But the fact that some geniuses were laughed at does not imply that all who are laughed at are geniuses. They laughed at Columbus, they laughed at Fulton, they laughed at the Wright Brothers. But they also laughed at Bozo the Clown.
Carl SaganIf I were a philosopher of biology, I would concentrate on the meaning of the current debate and on how proponents of an extended evolutionary synthesis (EES) have framed the discussion around a false view of modern evolutionary theory [More calls to extend the defunct Modern Synthesis]. I would explore the reasons for such a debate and what the EES proponents hope to achieve. I would take care to avoid falling into the trap of believing the hype promoted by the likes of Suzan Mazur and others who seem more interested in seeking publicity than in supporting good science.
Finally, I would be honest with my readers by quoting leading experts in current evolutionary theory to show that most of them dismiss the controversy and ignore the challenges to modern theory. This would require a discussion about real paradigm shifts and how to distinguish between real change and fake change (paradigm shafts). The last thing I would would do is to take sides and try to lecture evolutionary biologists on how to modify their theories to accommodate epigenetics.
This would be a wonderful thesis topic in the history and philosophy of science but it really has much more relevance to epistemology and the behavior of scientists than to actual threats to evolutionary theory. It would make a wonderful case study on where biology has gone wrong and why so many scientists (and philosophers) have fundamental misconceptions about evolution, genetics, and genes. Instead, the Lu and Bourrat paper is just one more example of why biological scientists are skeptical about the contribution philosophers can make to their field.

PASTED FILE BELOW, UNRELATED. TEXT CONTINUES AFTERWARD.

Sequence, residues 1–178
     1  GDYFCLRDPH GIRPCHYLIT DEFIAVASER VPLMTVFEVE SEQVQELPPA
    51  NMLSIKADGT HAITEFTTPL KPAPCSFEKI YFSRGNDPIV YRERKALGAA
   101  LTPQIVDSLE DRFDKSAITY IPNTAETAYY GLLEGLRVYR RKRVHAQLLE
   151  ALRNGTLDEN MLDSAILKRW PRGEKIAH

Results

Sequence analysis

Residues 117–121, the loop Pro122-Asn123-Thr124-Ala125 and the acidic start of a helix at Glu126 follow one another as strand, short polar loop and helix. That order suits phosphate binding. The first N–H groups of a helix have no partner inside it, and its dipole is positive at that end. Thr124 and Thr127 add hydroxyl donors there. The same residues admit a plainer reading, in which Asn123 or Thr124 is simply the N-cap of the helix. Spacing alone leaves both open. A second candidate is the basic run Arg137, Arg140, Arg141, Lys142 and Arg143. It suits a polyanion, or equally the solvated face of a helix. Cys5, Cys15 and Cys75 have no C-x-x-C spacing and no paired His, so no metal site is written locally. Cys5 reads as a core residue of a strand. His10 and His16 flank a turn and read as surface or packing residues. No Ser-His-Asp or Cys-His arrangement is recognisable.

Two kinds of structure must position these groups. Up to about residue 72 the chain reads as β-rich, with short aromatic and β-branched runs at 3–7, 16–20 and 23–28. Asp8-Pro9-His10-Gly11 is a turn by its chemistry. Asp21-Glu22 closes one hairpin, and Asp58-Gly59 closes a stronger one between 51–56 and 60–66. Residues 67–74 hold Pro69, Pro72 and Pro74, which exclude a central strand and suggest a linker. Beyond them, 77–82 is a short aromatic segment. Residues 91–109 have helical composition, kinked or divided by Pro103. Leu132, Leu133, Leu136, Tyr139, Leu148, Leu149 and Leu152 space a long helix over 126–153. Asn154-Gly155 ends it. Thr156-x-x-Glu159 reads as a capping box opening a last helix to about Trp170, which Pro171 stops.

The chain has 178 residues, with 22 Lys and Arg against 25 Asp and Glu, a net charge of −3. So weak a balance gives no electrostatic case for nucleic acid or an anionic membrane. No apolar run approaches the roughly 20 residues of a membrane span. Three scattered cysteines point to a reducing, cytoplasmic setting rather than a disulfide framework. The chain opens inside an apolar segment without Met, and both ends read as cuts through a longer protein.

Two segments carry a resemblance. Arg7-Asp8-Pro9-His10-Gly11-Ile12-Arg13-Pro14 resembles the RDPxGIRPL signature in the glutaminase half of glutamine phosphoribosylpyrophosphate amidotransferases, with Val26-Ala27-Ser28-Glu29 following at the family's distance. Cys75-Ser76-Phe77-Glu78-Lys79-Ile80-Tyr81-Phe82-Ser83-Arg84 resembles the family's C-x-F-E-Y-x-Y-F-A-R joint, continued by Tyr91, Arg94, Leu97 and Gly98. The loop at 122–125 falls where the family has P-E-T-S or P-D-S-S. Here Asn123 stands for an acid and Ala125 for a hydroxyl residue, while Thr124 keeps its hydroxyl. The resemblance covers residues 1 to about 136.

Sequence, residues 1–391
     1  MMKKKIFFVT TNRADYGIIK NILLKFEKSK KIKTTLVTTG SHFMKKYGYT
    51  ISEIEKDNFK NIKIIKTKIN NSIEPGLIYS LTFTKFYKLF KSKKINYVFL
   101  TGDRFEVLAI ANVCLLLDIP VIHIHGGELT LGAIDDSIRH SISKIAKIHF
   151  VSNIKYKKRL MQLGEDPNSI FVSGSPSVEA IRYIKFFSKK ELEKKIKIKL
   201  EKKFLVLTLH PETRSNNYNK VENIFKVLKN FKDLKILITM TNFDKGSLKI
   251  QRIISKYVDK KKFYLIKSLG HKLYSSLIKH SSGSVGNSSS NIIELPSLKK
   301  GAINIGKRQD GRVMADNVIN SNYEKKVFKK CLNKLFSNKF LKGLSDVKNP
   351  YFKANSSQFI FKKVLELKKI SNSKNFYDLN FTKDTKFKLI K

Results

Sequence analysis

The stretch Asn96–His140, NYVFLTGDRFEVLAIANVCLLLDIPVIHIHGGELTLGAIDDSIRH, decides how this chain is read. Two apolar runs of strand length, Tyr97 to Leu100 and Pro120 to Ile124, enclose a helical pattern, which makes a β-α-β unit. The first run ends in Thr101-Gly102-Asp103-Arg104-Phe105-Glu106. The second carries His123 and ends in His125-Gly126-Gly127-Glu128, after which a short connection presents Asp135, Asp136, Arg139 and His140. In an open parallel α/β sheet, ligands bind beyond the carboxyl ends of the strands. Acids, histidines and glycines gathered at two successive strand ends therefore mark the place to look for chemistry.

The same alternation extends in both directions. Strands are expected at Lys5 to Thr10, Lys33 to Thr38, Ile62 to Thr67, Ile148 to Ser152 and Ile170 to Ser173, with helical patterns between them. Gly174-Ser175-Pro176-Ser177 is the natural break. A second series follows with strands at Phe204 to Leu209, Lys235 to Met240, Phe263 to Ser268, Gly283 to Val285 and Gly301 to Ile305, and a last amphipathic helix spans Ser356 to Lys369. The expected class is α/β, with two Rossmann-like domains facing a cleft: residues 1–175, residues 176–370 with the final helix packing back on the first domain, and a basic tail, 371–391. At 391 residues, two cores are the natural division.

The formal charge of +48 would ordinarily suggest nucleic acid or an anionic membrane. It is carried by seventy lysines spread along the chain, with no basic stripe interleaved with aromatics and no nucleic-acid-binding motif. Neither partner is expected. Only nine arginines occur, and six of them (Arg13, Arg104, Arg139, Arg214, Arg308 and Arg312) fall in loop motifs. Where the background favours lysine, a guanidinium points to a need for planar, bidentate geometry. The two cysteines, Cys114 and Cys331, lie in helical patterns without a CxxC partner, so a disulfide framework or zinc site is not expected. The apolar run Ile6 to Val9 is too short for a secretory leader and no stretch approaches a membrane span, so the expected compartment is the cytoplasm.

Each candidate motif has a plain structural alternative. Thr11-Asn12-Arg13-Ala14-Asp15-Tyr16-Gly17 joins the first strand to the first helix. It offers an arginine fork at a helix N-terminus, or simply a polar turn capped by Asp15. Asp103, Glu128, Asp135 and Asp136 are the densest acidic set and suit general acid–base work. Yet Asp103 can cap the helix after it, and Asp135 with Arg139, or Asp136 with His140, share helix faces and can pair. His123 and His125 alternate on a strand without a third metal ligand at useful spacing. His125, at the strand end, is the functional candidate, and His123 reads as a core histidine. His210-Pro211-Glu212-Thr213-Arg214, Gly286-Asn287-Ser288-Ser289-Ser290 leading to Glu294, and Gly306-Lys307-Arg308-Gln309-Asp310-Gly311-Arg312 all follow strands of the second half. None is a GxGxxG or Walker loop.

This is the last of a series of posts on the Lu and Bourrat paper. Here's the complete list.
- Debating philosophers: The Lu and Bourrat paper [This post.]
- Part I: The Modern Synthesis
- Part II: The difference between genes and alleles
- Part III: The evolutionary gene
- Part IV: The molecular gene
- Part V: Epigenetics
1. Qiaoying Lu is sometime listed as a member of the Department of Philosophy at Macquarie University in Sidney Australia and sometimes as a graduate student at Sun Yat-Sen University in China. She appears to be a visiting graduate student in Sydney. Pierrick Bourrat is a currently a research fellow at Macquarie University in Sidney although his address on the paper is the University of Sydney. He identifies his research interests as: "Pierrick's main research interest is the philosophy of biology and more particularly the evolutionary side of it. His other areas of interest include the psychology of altruism, cultural evolution and the cognitive science of religion."